Format diskettes on the fly

Diskettes are almost universally reviled for being too slow and too small, yet almost everyone depends on them for backing up individual files and sharing data among computers. But formatting them is a chore. You have to open Explorer, then navigate to the floppy drive, and choose the Format command from a menu. This is where a batch file can come in handy.

If you just want to format a disk, fire up Notepad and type format a: /autotest (type b: instead of a: if that's the drive you want to use). Save the file to a desired folder as something like fmt.bat, making sure to use the three-letter .bat extension. (I keep a separate folder just for batch files.) But be warned: The /autotest switch tells DOS to format a floppy disk without prompting you for confirmations. If you accidentally execute this batch file on a floppy containing data, use the DOS Unformat command to reverse the dire effects. Unfortunately, this rescue technique works only with Windows 3.x and DOS 6.x. If you use Windows 9x, look for the file on your hard disk. You may have to dig out your old DOS floppies and find a file called mirror.co_. Start a DOS window (choose Start-Programs-MS-DOS Prompt), and at the C: prompt, type expand a:\mirror.co_ c:\dos\ (your path may differ), and then press . Now open the fmt.bat file in Notepad and add the line c:\dos\mirror a: above the format line in Notepad. Mirror takes some space on the floppy, but it'll let you recover data after an unintended format.

Note that this batch file won't work with NT, nor will it allow for quick formatting. To overcome these limitations, change the format line to format a: /q

If you're not using NT, you can include the mirror line as before. Save and close the file. Now right-click an empty area of the folder identified in the command line (here, it's the Windows folder) and choose New-Text Document. Name it cr.txt. Double-click the new file to open it for editing. Press twice to insert two carriage returns, then type N followed by again. This will reply to the Format command's prompts. Save the file, and exit.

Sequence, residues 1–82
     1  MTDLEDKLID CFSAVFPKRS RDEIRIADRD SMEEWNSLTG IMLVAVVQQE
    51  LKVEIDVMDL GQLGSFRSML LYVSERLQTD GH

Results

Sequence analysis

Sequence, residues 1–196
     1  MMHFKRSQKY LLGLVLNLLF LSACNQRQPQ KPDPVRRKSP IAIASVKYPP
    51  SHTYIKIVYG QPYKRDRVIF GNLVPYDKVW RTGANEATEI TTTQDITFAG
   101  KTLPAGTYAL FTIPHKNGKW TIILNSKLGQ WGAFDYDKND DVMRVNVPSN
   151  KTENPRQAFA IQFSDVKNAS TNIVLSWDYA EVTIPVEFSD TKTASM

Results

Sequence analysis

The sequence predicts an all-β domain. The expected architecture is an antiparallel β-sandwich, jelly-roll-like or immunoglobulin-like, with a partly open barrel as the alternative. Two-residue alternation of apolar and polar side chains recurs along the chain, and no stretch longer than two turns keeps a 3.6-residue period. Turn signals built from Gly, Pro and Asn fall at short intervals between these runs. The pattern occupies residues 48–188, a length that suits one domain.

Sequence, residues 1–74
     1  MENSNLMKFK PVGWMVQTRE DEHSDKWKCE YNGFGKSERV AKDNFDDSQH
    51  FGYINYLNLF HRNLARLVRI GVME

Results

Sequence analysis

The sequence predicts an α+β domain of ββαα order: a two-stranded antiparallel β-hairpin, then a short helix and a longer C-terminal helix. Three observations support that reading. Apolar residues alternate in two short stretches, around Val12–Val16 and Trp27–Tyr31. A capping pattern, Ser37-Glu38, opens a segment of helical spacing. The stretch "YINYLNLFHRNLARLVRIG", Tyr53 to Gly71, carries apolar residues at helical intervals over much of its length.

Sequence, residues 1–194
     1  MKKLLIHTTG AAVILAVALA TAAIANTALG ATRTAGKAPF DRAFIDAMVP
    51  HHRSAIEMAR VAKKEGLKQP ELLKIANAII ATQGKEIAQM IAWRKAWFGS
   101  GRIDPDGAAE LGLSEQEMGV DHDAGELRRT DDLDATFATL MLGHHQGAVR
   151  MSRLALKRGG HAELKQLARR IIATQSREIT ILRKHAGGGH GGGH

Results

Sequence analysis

If you prefer to see the normal Windows Format dialogue box (Windows 9x and NT only), right-click the Start button and click Open or Explore. Double-click Programs, then navigate to the folder from which you'd like to launch the formatter. Right-click an empty area and choose New-Shortcut. In the Command Line box, type rundll32.exe shell32.dll,SHFormatDrive, taking note of the lowercase/uppercase letters. Click Next and type a name for your Shortcut (such as Floppy Formatter). Click Finish. If you want, you can assign a keyboard shortcut to launch this formatter: Right-click the new icon, select Properties, click the Shortcut tab, then click in the Shortcut key field and type a letter or number. The system will automatically add "Ctrl + Alt +" to what you type, and that key combination will be your keyboard Shortcut. Whenever you want to format a floppy, just choose your new command from the Start menu or press its keyboard Shortcut.

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